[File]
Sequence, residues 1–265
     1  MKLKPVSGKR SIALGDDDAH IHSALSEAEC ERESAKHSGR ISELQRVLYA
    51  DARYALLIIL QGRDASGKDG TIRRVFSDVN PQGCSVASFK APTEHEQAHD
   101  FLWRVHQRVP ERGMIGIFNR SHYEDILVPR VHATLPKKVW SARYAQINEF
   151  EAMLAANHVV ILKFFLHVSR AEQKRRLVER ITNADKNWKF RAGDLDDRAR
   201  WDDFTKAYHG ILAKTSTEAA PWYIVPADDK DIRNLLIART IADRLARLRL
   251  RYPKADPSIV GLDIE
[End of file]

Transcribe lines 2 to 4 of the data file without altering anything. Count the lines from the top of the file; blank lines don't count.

     1  MKLKPVSGKR SIALGDDDAH IHSALSEAEC ERESAKHSGR ISELQRVLYA
    51  DARYALLIIL QGRDASGKDG TIRRVFSDVN PQGCSVASFK APTEHEQAHD
   101  FLWRVHQRVP ERGMIGIFNR SHYEDILVPR VHATLPKKVW SARYAQINEF